Utah Students Do Well at National History Day
Wednesday, Jun. 26, 2013
Utah History Fair Director
Utah State University
Phone: (435) 797-3633
Utah Students Do Well at National History Day
LOGAN – Every year the Utah History Fair, based at Utah State University, encourages Utah students to participate in hands-on learning experiences that culminate in regional competitions where projects are evaluated. Each region’s top student projects go on to the Utah History Fair and from there, top students travel to the Washington, D.C., area to compete at the Kenneth E. Behring National History Day Contest.
The national contest concluded Thursday, June 13, with an awards ceremony, and Utah students did extremely well, according to Utah History Fair Director Nicholas Demas.
Two projects placed second nationally in their categories, Demas said. Several projects were noted as “Outstanding State Entry” and multiple projects were among the top ten in their categories.
The two second-place projects included a Junior Group Documentary and a Senior Group Exhibit.
Junior Group Documentary participants Maya Holliday and Aidan Moore took second place for their documentary, “The Distance Between the Heart and the Stomach: Upton Sinclair’s ‘The Jungle’ and the Movement Toward Clean Meat.” Both are students of Tacy Hymas at Mount Logan Middle School in Logan, Utah. As part of their project the pair interviewed USU history professor Colleen O’Neill.
Students Bovey Rao, Samantha Bemis and Amy Zhan also placed second with their Senior Group Exhibit “The Open-Door Policy: Turning the Economic Tide of China.” According to Demas, the students have competed for several years in the Utah History Fair and they do so independently. They all attend Hillcrest High School in Salt Lake City.
Other students recognized with awards at the national competition include Anna Bryner, Raymond Li and Bethany Anderson.
Bryner received recognition as an “Outstanding State Entry” for her eighth-place Senior Individual Website “Radio Free Europe: Defeating Communism with the Truth.” She attends Carbon High School and is a student of Tom Alleman.
Li, a student at Mt. Logan Middle School, placed fifth with his Junior Historical Paper “California Gold Rush: The Effects of Persecution and Environmental Degradation on Native Americans.” He is also a student of Hymas. He also received an “Outstanding State Entry” award for his project.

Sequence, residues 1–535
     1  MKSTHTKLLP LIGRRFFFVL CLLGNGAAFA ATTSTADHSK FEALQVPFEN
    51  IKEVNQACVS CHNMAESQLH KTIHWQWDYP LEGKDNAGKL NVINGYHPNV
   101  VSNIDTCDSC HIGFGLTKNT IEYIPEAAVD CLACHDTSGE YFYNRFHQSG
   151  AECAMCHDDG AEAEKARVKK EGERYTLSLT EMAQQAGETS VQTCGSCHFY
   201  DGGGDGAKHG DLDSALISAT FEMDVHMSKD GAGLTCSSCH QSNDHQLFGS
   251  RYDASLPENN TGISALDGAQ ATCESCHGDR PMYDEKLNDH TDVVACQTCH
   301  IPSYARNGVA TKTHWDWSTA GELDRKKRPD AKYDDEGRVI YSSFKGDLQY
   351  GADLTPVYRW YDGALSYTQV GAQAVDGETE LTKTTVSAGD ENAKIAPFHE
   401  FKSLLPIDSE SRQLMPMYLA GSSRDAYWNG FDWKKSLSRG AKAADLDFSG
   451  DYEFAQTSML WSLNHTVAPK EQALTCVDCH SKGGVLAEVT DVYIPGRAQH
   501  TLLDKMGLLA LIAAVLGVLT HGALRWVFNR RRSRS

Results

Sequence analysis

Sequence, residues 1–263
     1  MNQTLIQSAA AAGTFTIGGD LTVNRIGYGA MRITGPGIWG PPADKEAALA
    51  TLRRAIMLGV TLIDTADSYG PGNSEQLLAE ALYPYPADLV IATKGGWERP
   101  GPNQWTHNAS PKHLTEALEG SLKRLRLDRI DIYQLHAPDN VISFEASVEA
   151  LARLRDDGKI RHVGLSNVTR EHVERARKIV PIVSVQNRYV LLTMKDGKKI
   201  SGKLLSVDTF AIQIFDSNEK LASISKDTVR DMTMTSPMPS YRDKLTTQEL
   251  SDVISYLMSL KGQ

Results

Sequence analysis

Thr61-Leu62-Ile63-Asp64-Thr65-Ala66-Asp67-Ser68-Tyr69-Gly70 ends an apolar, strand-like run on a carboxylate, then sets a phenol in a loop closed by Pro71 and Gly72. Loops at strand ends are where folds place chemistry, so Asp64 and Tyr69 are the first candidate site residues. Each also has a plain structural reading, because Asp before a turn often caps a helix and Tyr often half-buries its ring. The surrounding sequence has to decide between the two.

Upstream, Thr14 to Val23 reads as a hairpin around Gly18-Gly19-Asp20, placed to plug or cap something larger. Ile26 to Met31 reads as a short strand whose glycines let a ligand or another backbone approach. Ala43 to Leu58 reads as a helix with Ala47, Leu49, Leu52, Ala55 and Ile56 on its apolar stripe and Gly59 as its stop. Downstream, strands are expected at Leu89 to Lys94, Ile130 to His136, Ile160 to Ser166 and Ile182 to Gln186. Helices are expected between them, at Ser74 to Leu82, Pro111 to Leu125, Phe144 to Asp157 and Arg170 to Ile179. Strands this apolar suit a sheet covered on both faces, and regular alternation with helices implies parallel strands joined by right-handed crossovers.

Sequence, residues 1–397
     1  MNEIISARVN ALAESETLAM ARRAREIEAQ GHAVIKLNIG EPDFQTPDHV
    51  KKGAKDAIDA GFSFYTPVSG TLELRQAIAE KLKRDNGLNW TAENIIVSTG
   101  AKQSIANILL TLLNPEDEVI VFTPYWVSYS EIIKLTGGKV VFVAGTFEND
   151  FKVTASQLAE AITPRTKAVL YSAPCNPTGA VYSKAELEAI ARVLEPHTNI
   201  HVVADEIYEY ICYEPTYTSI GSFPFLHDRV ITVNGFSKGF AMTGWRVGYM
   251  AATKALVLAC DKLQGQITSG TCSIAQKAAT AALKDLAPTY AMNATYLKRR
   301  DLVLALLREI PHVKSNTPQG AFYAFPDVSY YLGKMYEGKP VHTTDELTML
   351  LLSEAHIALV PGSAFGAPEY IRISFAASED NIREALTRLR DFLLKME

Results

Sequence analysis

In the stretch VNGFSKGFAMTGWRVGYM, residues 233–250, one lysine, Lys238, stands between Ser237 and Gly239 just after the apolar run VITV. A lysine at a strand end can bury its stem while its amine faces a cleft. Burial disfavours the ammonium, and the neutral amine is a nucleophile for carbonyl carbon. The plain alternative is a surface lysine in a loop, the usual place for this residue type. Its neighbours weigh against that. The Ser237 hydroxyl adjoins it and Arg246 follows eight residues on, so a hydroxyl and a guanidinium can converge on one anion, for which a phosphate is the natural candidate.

Anderson is a student of Jeff Low and Haley Robbins at Thomas Edison Charter School — North Campus in North Logan. She placed seventh for her Junior Individual Performance titled “Hungry for Treatment: The People and Ideas Behind the Discovery and Production of Insulin.”
Demas, along with parents, accompanied 65 Utah students who competed at the history day contest. The annual event is held on the campus of the University of Maryland, College Park just outside of Washington, D.C. The 65 students were among the 1,329 students who competed in nine regional events in Utah. Those selected to represent Utah at the history day contest placed first or second in their respective categories at the Utah State History Fair in April. More than 350 Utah students competed at the state contest.
Nationally, more than 2,500 students competed in nine categories and two age divisions at the national contest.
In addition to competing, the Utah student delegation, along with parents, took advantage of the contest’s proximity to the nation’s capital. They toured the U.S. Capitol following meetings with members of Utah’s congressional delegation, including Sen. Orrin Hatch, Rep. Rob Bishop, Rep. Jim Matheson and Rep. Chris Stewart. They were also able to watch democracy in action thanks to passes to the gallery of the House of Representatives supplied by Rep. Stewart’s office. The tickets were distributed by former USU student Nathaniel Johnson who is now with Rep. Stewart’s office. Nearly 60 parents and students watched the house in action.
In his role as Utah History Fair director, Demas spent the academic year working with schools and students preparing for the regional, state and national competitions. He made visits to schools statewide with tips to improve projects and to encourage participation. Demas attributes these visits to the students’ successes this year. He also created a number of electronic newsletters to supplement the site visits and provide information to teachers.
“I am so proud of our Utah History Fair students and their accomplishments at the national competition,” Demas said. “The quality of our students is reflected in the final results.”